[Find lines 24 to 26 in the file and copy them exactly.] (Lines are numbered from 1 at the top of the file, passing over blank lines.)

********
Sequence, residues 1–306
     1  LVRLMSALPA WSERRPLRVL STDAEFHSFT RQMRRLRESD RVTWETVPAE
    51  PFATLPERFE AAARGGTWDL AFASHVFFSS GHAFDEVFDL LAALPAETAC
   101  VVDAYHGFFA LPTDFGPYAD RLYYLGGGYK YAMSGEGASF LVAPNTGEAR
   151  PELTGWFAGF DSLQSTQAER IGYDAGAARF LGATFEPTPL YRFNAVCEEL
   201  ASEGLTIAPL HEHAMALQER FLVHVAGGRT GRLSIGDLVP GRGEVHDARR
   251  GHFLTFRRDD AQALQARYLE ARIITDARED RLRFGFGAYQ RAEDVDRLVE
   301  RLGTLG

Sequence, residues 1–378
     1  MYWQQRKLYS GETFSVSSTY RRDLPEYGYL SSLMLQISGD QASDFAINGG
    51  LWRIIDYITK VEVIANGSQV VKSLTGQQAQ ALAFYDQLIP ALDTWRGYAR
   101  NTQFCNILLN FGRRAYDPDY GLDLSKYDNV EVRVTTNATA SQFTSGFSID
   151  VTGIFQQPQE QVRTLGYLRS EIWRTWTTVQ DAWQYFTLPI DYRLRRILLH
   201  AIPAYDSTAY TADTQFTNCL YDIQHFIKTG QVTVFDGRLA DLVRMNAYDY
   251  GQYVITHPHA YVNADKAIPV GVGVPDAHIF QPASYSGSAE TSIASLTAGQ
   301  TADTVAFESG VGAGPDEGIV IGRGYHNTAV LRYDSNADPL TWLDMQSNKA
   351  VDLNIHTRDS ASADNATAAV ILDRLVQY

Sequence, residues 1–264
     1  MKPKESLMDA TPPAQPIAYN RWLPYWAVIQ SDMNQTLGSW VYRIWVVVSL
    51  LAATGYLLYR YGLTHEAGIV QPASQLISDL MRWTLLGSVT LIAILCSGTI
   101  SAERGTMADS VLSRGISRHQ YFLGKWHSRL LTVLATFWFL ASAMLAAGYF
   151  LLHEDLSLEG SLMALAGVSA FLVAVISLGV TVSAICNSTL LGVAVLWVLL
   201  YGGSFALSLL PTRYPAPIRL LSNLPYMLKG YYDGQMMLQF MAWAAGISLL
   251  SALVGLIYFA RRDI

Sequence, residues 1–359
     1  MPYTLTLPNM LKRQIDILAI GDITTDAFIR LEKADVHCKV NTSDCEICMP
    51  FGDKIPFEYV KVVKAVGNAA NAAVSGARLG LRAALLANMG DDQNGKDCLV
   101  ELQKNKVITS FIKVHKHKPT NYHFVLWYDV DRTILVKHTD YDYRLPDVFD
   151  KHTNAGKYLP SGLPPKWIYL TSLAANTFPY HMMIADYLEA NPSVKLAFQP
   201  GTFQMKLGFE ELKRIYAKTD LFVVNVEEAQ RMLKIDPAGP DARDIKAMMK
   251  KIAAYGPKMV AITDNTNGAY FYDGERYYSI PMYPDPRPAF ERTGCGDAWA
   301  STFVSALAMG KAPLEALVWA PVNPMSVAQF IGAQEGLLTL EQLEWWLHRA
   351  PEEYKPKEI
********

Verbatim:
   251  SALVGLIYFA RRDI

Sequence, residues 1–359
     1  MPYTLTLPNM LKRQIDILAI GDITTDAFIR LEKADVHCKV NTSDCEICMP